Johannesburg - This weekend marks Britain’s official celebration of Queen Elizabeth II’s platinum jubilee. She has reigned over the UK, Canada, Australia and a couple of remaining protectorates dotted about the rest of the world (formerly known as colonies) for an astonishing 70 years.
She is the first to achieve this milestone and she’s done it by living a life beyond reproach. The same can’t be said for most of her children. As for her Prime Minister Boris Johnson, perhaps the less said the better. Johnson is made of more Teflon than Jacob Zuma and probably much of President Cyril Ramaphosa’s cabinet.
The charismatics are wont to reach into the Book of Isaiah and volubly declaim “no weapon forged against me shall prosper” on social media, but it really does appear as if Johnson does have some kind of otherworldly protection. He has fornicated. He has impregnated. He has caroused. He has lied. And that’s just while he was prime minister.
This time, he’s under a bit more pressure, with the tide of public opinion apparently finally turning against him, unsurprisingly given how so many people had to pay their last respects to loved ones over Zoom because they couldn’t go to funerals, while he was hosting and attending parties in contravention of regulations he had set himself.
Johnson though is master of the “dead cat tactic”, which he himself has described as metaphorically flinging a dead cat onto the dining table so that everyone else is distracted and starts talking about that, rather than what they were arguing about immediately before. His latest dead cat plumbs new depths of bullsh*t: Johnson intends to honour the Queen and her reign by reinstituting imperial measures in Britain. Pounds and ounces; pints and gallons; inches, yards and miles, probably because after all a litre is just like a metre, only wetter.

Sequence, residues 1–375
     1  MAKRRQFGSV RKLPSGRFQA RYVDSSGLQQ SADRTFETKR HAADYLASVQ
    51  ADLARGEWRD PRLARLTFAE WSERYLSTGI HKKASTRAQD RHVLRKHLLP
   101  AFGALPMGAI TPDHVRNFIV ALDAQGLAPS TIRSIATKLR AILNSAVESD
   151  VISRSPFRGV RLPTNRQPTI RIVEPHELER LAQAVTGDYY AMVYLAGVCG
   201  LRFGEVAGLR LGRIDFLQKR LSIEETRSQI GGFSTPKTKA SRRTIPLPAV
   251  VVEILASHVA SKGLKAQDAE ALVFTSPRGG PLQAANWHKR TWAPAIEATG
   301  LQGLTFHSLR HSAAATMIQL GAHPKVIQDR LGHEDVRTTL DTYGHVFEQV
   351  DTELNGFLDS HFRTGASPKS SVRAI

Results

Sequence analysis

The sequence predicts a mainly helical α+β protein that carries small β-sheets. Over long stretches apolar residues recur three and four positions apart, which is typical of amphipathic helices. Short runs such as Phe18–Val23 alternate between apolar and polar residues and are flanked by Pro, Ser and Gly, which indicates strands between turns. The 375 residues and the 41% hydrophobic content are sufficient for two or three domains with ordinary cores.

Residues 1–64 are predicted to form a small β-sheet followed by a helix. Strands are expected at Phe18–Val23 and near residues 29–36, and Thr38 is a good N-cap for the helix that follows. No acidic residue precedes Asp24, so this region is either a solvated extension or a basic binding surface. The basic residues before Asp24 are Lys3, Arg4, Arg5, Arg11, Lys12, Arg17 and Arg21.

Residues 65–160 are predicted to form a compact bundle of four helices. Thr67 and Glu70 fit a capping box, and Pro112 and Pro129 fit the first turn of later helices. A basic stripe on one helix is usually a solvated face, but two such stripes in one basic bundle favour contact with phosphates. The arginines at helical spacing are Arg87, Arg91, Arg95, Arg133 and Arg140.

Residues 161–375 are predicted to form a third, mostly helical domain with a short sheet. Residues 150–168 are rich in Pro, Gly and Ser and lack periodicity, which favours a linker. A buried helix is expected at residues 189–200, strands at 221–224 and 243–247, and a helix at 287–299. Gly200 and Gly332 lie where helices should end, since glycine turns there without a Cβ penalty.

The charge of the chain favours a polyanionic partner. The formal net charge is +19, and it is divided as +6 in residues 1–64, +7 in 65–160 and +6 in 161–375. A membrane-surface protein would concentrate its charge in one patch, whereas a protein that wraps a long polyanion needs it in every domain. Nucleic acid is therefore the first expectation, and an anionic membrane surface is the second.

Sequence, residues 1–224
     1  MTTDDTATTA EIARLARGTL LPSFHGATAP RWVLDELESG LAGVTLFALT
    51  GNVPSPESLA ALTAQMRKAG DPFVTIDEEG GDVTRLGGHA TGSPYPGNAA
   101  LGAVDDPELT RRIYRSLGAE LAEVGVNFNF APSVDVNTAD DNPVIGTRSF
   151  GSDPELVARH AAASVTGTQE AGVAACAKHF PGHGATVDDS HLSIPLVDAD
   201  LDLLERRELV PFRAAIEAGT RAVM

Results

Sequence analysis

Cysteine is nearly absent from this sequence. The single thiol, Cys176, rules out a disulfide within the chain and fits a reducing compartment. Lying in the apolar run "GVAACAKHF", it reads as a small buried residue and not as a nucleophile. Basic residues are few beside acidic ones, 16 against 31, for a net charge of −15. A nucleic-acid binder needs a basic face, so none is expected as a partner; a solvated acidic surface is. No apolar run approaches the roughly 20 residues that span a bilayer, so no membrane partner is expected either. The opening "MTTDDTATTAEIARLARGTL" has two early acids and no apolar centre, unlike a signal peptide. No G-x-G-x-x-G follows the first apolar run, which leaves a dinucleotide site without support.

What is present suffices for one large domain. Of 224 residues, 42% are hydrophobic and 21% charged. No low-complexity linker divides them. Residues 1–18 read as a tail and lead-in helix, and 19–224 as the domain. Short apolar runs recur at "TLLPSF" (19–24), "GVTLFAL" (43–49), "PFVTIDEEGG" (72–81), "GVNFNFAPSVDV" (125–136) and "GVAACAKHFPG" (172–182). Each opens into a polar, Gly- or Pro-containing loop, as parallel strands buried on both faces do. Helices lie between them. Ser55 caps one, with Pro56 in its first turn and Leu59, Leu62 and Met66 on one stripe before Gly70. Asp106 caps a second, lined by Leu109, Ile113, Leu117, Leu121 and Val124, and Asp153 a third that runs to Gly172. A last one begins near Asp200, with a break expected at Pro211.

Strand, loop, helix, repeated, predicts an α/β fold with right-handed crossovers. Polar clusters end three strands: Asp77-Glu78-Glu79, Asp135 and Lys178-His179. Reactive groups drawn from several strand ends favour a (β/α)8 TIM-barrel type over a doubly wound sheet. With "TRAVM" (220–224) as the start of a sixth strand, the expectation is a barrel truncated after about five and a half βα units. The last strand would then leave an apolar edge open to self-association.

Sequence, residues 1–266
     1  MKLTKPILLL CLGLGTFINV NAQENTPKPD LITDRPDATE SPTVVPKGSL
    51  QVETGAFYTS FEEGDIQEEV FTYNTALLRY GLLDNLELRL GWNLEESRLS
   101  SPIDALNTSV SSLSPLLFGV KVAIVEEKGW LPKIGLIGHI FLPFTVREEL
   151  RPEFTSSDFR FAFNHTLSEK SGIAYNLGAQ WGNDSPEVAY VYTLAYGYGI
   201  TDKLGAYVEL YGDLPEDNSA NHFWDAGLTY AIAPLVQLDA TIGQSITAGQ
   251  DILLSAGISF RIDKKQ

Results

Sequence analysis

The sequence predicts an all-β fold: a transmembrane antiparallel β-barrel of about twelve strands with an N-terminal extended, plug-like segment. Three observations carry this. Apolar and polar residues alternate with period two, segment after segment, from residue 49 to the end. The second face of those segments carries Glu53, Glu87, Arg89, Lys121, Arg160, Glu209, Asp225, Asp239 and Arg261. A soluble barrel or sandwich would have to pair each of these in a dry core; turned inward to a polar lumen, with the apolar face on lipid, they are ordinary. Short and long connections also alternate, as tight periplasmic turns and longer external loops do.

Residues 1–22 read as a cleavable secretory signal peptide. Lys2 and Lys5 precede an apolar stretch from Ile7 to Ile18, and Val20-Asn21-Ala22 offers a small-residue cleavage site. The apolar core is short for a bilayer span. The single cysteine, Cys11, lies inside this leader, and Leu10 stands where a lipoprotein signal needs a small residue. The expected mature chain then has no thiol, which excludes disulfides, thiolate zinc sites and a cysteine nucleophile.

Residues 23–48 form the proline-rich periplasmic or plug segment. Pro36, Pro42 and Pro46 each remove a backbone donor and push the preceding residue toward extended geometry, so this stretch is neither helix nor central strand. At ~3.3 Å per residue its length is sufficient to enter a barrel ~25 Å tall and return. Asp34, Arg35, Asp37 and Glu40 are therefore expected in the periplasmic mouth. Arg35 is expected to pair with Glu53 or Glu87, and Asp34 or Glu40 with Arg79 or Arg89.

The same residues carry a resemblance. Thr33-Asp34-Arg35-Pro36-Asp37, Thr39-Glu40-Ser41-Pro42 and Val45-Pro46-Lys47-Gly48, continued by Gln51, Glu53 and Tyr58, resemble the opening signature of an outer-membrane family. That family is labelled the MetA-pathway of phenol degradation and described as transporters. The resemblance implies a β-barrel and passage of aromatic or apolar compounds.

And now everyone’s up in arms, for and against, as he tries to roll the clock back for a country that no longer has an empire and for whom the monarchy, outside of the Queen herself, is increasingly seen as much of a very costly irrelevance. The last time a Briton chose literally not to read the room was probably Horatio Nelson when he put his telescope to his blind eye at the Battle of Trafalgar. He won the battle, but lost his life.
It’s not clear what fate will befall Johnson’s inability to see any signal, but he obviously has admirers down here in South Africa – if not politically then definitely strategically. Zuma’s Stalingrad defence and Mthethwa’s gargantuan phallic demonstration of the ANC’s impotence are just two slavish imitations of Boris’s playbook.
As for the rising cost of living, our ministers are just as tone deaf as Johnson and his cabinet. This week, as fuel prices rocketed to new records, the Department of Mineral Resources and Energy tweeted to motorists not to use the air-con in their cars to save fuel. The very next day was the coldest on the highveld as we officially headed into winter.
You really can’t make it up.